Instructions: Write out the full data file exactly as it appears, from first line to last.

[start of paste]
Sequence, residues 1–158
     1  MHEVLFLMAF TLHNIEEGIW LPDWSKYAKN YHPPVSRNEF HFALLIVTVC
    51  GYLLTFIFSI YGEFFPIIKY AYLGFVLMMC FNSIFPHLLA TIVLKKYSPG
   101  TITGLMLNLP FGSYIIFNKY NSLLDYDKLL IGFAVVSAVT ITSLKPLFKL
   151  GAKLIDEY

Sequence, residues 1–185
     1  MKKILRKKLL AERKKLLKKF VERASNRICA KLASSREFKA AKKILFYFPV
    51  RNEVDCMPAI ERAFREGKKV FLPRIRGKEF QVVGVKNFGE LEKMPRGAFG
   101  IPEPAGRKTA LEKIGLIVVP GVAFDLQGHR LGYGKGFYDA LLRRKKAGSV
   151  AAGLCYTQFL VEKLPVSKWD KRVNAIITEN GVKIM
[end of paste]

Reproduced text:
Sequence, residues 1–158
     1  MHEVLFLMAF TLHNIEEGIW LPDWSKYAKN YHPPVSRNEF HFALLIVTVC
    51  GYLLTFIFSI YGEFFPIIKY AYLGFVLMMC FNSIFPHLLA TIVLKKYSPG
   101  TITGLMLNLP FGSYIIFNKY NSLLDYDKLL IGFAVVSAVT ITSLKPLFKL
   151  GAKLIDEY

Sequence, residues 1–185
     1  MKKILRKKLL AERKKLLKKF VERASNRICA KLASSREFKA AKKILFYFPV
    51  RNEVDCMPAI ERAFREGKKV FLPRIRGKEF QVVGVKNFGE LEKMPRGAFG
   101  IPEPAGRKTA LEKIGLIVVP GVAFDLQGHR LGYGKGFYDA LLRRKKAGSV
   151  AAGLCYTQFL VEKLPVSKWD KRVNAIITEN GVKIM